The sting of death
What was the most memorable event on Australian television in the last fifty years?’ This was a question posed to five people in a recent newspaper vox pop column. Little surprise that two responses were the first moon landing, one was the death of John F Kennedy and another the 9/11 attacks on the World Trade Centre.
However, the last fifty years were immediately put into focus with the answer given by one young woman, who declared that it was when the news was broken about the death of Steve Irwin, known to some as the ‘Crocodile Hunter’.
Agreeing with Germaine
‘Crikey’, thought I. ‘What is becoming of the world?’ And so it was that whilst I could not count myself one of the 300 million viewers of his Memorial Service, I did find myself in a metaphoric bed with Germaine Greer who seemed to be the only voice of reason as the monkeys took control of the zoo.
For it was Germaine in her London Guardian column who wrote, ‘The animal world has finally taken its revenge, but probably not before a whole generation of kids in shorts seven sizes too small has learned to shout in the ears of animals with hearing ten times more acute than theirs, determined to become millionaire animal-loving zoo owners in their turn.’
It is not the first time I have found myself agreeing with the authoress?) of The Female Eunuch. It is remarkable how often we find those on opposite sides sometimes our greatest allies, whilst those who are supposed to be fighting the same cause provide little comfort. The other day I was encouraged to look at the internet blog of the Bishop of Ballarat, and an interesting attack he makes in it about the Traditional Anglican Communion who are about to consecrate two more bishops in Australia.
First of all Bishop Hough lets off steam about the ‘illicit consecrations of bishops into their schismatic movement.’ How it can be illicit, when the Traditional Anglican Communion can ordain whom they like, is beyond me. Aside from that, the bishop states, ‘These men seem to be more concerned about their own advancement than they do the preaching of the Gospel… creating ghettos and making a mockery of things Catholic’ His railing continues as he states that ‘There is no way that they will be accepted in any traditional Church as being authentic disciples of Christ.’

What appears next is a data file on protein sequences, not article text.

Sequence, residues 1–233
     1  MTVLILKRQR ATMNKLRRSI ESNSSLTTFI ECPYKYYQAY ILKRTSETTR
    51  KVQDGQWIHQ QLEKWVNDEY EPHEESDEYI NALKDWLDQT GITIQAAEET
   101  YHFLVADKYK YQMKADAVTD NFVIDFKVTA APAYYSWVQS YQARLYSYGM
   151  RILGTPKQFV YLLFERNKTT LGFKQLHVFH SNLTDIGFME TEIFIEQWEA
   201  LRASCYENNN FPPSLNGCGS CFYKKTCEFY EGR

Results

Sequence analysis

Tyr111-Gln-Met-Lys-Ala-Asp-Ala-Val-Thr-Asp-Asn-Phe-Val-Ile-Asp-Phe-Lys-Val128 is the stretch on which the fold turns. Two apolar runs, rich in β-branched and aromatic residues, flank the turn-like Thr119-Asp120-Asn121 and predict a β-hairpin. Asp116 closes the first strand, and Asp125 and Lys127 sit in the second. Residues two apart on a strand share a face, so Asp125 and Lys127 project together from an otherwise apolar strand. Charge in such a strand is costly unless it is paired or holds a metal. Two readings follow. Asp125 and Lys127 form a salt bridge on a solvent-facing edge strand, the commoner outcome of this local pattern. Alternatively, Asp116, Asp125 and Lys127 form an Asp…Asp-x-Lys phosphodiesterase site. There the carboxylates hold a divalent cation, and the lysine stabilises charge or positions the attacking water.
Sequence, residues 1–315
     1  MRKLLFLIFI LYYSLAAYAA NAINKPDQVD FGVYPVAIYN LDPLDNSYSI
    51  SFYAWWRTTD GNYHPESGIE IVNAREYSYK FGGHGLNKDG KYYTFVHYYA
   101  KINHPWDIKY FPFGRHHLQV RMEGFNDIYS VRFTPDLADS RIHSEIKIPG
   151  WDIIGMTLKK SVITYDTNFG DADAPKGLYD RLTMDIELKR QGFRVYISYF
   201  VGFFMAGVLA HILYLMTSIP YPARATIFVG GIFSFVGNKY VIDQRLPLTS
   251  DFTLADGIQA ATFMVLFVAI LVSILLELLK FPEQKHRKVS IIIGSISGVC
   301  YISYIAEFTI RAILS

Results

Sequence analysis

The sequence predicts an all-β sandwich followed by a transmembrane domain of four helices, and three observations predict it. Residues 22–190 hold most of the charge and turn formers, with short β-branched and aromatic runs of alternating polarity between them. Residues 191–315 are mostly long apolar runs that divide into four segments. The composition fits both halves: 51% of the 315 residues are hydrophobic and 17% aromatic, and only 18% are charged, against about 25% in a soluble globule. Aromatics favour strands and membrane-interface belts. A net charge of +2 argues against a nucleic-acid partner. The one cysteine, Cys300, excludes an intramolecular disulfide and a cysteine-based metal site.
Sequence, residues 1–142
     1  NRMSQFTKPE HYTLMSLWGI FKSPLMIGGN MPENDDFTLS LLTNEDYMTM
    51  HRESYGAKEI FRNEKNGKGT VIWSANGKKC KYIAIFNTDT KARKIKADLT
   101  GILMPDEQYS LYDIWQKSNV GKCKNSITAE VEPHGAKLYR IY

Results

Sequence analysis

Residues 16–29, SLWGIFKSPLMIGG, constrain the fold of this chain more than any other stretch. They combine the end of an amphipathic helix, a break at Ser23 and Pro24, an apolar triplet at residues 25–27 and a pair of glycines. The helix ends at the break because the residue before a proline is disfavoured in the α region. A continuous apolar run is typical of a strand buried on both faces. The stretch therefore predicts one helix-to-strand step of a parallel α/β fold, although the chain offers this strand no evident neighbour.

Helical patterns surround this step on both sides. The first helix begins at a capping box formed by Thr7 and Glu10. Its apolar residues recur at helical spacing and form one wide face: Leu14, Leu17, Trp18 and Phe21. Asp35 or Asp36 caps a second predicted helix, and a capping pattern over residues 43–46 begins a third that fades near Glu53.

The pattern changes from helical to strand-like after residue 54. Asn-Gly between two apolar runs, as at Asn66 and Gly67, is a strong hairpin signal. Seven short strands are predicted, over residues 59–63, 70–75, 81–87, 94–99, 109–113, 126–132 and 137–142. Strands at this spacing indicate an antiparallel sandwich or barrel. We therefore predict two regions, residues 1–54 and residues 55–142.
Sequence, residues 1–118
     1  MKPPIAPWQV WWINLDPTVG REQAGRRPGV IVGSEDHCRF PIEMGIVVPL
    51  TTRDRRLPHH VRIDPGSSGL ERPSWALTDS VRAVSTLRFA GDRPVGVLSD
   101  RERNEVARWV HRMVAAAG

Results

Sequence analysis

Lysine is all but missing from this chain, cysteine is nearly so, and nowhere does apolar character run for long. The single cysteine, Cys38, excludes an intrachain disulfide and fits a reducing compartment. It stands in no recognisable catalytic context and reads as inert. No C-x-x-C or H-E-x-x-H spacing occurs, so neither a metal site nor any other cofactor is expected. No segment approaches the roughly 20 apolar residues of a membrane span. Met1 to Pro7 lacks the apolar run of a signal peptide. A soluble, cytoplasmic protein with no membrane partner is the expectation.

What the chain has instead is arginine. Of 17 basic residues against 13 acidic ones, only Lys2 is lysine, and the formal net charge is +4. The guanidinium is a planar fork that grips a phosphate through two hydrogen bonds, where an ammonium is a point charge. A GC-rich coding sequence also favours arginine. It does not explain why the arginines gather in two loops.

It must be a great comfort for this married bishop, who was once a Roman Catholic priest before becoming an Anglican, to have found his way into a church which has no people seeking self-advancement and which could never make a mockery of things Catholic.
In another part of his less than thrilling blog, he writes that ‘FiF Australia has found itself in the forefront of isolating our Catholics and marginalizing them in the minds of much of the rest of the Church, and of turning the Catholic agenda into a one item crusade… They are as bad as ECUSA, seeking to ignore the rest of the Church and to create and shape a church that suits them.’
A defensive reaction
Ben Cropp, a marine documentary filmmaker, speculated that the stingray which killed Steve Irwin ‘felt threatened because Steve was alongside and there was the cameraman ahead.’ He explained that it was a ‘defensive thing’.
The Bishop of Ballarat may care to describe the actions of the Bishop of the Murray in taking part in the consecration of David Chislett as ‘slinking of’ to consecrate a ‘mate’. What he fails to appreciate is that neither he nor the House of Bishops of the Anglican Church have made any realistic attempt whatsoever to secure a future for traditional Anglicans throughout the nation. If anything is a ghetto, it is the present federal go-it-alone structure of the Australian Anglican Church, not those whom Hough criticizes, who are in some way trying to find a way forward with integrity. (It may not be my way, but it is a way.)
Perhaps the consecration of David Chislett and the two impending consecrations are simply a defensive reaction in the face of a hierarchy which has made the orthodox feel truly threatened. If the Bishop of Ballarat feels the sting, perhaps he should expend his time into a national solution rather than venting his anger on a blog site.
In the meantime we could do with some ecclesiastical Germaine Greers to say it as it really is.
Beyond the litmus-test